Tag Archives: Bollywood

Weekend linkage

Now that the clouds of incense surrounding the late Christopher Hitchens have dissipated, the pushback is underway, and welcome. I enjoyed his book reviews and his readiness to tangle with religionists — he was certainly the earliest and most articulate truth-teller following the death of the odious Jerry Falwell — but his posturing as a professional left-wing apostate and cheerleader for the Iraq disaster soiled any of his other accomplishments. “His tragedy, which his careful revisions and rationalisations cannot conceal, is that he became what he had despised – as Hazlitt put it, ‘a living and ignominious satire upon himself’.” Yep. 

Spend some quality time with Bob Dylan’s Planet Waves.

Bertrand Russell appeared in a Bollywood film. Who knew?

I’ll drink to that.

So the Tealiban, the Elmer Fudds, and the Charles Whitmanites have declared that Martin Luther King’s birthday will also be National Gun Appreciation Day. Stay douchey, wingnuts. The more of you come out into the sunlight, the more people get to see you for what you are.

Jeff Redfern learns about the daily demands of the writing life. It even brings him closer to his journalist dad. Doonesbury continues to surprise.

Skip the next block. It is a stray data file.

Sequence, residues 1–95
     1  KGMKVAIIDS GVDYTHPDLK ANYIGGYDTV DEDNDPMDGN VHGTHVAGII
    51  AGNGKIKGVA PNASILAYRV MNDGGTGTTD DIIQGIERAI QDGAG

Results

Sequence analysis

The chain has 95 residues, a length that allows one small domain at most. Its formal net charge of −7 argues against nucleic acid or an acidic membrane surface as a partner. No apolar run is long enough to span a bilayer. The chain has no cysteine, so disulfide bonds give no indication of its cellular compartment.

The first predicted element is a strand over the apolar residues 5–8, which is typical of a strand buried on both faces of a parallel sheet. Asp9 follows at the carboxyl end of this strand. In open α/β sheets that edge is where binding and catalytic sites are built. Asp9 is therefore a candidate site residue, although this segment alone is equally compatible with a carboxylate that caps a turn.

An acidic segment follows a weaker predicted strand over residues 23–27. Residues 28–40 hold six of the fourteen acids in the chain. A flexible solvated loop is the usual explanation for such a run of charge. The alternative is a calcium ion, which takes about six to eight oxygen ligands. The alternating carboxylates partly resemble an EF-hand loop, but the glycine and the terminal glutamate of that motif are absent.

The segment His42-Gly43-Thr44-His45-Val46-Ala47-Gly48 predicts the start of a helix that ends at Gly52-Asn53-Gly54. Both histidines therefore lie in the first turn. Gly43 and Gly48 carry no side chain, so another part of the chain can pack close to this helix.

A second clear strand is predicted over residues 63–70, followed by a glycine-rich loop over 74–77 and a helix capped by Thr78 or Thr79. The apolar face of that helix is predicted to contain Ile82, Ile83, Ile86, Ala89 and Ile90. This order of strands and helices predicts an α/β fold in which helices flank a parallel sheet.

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Friday finds

Obviously! The folks at Hammer Films sure knew how to blow the dust off those old horror movie tropes, and Titan Books is gearing up to release a collection of the best examples in The Art of Hammer, due out in October. Along with eye-catching posters, Hammer produced some memorable taglines: e.g., “Frankenstein spills it! Dracula drinks it!” I wouldn’t mind getting the book, but where Hammer is concerned, what I’m really jonesing for is The Icons of Suspense Collection, if only for the chance to catch up with These Are the Damned, a 1963 Joseph Losey film that starts as an eccentric drama about Teddy Boys in a seaside town, then veers into memorable science-fiction terrain. I saw a butchered version decades ago on late-night television, and those voices crying along the cliff struck a deep chord.

I like Seamus Heaney’s translation of Beowulf a lot more than Jeff does, but Jeff’s right when he tries to bring other, possibly even better translations out from under Heaney’s shadow.

The five weariest cliches of negative book reviews.

One of “the world’s most endearingly odd publishing houses.”

The story of Mad Dog and the Pilgrim, and the best place in Wyoming to find old books and fresh eggs.

For sheer sustained pop dementia, this Rajinikanth number is hard to beat. If the hero from Inception had been assigned to infiltrate Michael Jackson’s dreams and plant the idea of doing a Bollywood musical, this would have been the result.

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